issue with Py_LIMITED_API on Windows

Issue #350 resolved
Cosimo Lupo
created an issue

When building a cffi extension module on Windows in API mode (i.e. set_source), instead of linking with the PYTHON3.DLL associated with the stable Py_LIMITED_API, the cffi extension module gets linked with the version-specific PYTHON35.DLL or PYTHON36.DLL.

Therefore, the module fails to be imported on a different CPython 3 minor version, even if the file name has a generic *.pyd suffix instead of the full *.cp36-win_amd64.pyd suffix. The generic filename is because cffi forces the use of setuptools' Extension py_limited_api=True option. However it is incorrect, because if one inspects the *.pyd file with Dependency Walker, one can see that the versioned PYTHON36.DLL is being linked.

The reason for this is that the name of the python DLL import library that is used when linking an extension module compiled with MSVC is not passed by distutils to the linker command line, but it is implicitly defined inside the pyconfig.h header via a #pragma directive, and this is based on the current value of Py_LIMITED_API:

https://github.com/python/cpython/blob/3460198f6ba40a839f105c381f07179aba1e8c61/PC/pyconfig.h#L288-L289

The _cffi_include.h header attempts to #define Py_LIMITED_API but only after including the pyconfig.h header. By the time it includes the Python.h, it is too late, since the pyconfig.h has already been included once and it is guarded by a #ifndef Py_CONFIG_H at the top, so the second time it's included by Python.h nothing happens (and the wrong python DLL gets linked).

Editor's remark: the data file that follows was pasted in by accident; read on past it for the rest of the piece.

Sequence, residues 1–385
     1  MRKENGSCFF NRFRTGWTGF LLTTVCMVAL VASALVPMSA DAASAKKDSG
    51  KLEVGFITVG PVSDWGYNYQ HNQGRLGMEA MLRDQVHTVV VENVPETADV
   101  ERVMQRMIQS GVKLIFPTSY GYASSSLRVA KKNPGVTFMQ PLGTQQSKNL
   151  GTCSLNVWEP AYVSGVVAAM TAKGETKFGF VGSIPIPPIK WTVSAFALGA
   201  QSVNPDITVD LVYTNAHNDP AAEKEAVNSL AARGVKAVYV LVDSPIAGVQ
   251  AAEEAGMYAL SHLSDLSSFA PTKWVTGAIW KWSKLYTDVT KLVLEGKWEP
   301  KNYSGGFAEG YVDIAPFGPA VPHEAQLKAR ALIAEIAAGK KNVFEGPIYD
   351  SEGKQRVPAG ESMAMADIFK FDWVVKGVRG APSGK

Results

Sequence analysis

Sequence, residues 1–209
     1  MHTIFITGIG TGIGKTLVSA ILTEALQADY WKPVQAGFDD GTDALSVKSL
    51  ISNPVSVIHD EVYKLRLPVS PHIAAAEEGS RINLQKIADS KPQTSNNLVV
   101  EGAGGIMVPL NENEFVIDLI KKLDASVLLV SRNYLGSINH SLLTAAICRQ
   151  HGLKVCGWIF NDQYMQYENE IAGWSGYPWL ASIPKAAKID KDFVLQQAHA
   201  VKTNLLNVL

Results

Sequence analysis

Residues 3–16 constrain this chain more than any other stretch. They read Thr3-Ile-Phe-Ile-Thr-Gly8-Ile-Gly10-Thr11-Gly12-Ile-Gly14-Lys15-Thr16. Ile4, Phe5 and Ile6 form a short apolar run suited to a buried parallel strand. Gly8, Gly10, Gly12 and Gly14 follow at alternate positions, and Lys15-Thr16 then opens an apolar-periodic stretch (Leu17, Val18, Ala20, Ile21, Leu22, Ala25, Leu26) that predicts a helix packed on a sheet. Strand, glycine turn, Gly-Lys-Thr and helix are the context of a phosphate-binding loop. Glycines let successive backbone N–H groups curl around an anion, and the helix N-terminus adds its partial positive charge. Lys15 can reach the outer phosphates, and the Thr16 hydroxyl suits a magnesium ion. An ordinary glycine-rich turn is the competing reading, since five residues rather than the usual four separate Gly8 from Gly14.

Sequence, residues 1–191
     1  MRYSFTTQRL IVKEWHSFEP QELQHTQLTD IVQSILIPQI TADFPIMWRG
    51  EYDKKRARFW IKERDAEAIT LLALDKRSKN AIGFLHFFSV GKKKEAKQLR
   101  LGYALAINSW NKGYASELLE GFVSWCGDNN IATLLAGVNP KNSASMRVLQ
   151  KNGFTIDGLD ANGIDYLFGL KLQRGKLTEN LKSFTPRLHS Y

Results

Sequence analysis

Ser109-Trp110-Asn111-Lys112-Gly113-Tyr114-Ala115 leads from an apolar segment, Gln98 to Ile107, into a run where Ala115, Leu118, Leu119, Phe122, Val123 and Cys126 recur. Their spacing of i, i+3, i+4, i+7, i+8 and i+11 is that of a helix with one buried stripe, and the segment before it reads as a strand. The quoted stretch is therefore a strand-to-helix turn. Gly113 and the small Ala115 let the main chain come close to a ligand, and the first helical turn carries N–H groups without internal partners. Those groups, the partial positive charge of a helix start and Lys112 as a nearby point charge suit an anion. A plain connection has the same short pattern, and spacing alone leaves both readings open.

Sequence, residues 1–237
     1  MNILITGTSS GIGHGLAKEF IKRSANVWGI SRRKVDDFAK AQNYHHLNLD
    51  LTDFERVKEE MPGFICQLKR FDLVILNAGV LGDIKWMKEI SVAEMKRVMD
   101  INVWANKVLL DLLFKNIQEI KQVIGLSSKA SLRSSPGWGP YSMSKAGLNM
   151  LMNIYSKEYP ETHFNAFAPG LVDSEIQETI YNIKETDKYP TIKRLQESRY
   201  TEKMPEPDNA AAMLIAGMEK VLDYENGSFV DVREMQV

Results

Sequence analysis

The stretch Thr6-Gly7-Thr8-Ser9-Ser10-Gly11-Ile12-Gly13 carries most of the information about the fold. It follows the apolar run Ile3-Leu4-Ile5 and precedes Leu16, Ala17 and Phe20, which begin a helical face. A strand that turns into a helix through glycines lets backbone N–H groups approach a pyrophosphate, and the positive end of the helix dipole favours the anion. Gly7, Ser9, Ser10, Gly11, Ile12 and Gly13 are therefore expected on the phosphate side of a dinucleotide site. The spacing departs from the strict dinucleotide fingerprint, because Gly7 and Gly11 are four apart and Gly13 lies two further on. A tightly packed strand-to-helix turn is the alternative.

The only workaround I could find to force the cffi extension module to be linked with PYTHON3.DLL instead of PYTHON36.DLL is to explicitly pass a define_macros=[("Py_LIMITED_API", None)] to the ffibuilder.set_source call, which will then forward the preprocessor definition to setuptools/distutils when the latter build up the linker command line.

When doing that, the _cffi_include.h's #if branch is skipped because Py_LIMITED_API was already defined.

It's a pity that one has to set that with define_macros in order to make it work on Windows. On Linux or macOS it doesn't seem necessary to do that.

Comments (12)

  1. Armin Rigo

    Ok, so we have a chicken-and-egg problem. We can't define Py_LIMITED_API if pyconfig.h defines Py_DEBUG or Py_TRACE_REFS or Py_REF_DEBUG, otherwise other things explode. But now you say we must define Py_LIMITED_API before including pyconfig.h. It looks very much like Py_LIMITED_API was never really tested or used and is thus broken in various ways.

    I suppose there is no clean way to solve the issue, but maybe we can on Windows reverse the logic: we can guess that Py_DEBUG will be defined if and only if _DEBUG is defined, and the other two macros won't be defined; then we set Py_LIMITED_API, do the include of pyconfig.py, and finally sanity-check what we just guessed.

  2. Cosimo Lupo reporter

    Thanks! I’ll check as soon as I get to the office. One thing I’m wondering is if checking WIN32 may be too broad. The issue was with the MSVC compiled CPython, but WIN32 is defined for MinGW GCC as well (I think). But I guess that’s not officially supported..

  3. Cosimo Lupo reporter

    I just tried with cpython 3.5 and 3.6 (official binaries from python.org), and cffi from latest master. It's working without needing to add define_macros=[("Py_LIMITED_API", None)]

    Thanks a lot!!! When do you think this will be released?

  4. Armin Rigo

    If I revert to the previous situation, the file is called foo.pyd but it is linking to python36.dll. Should I do that, or should I more clearly not define Py_LIMITED_API at all on Windows and have the file be called foo.cp36-win_amd64.pyd?

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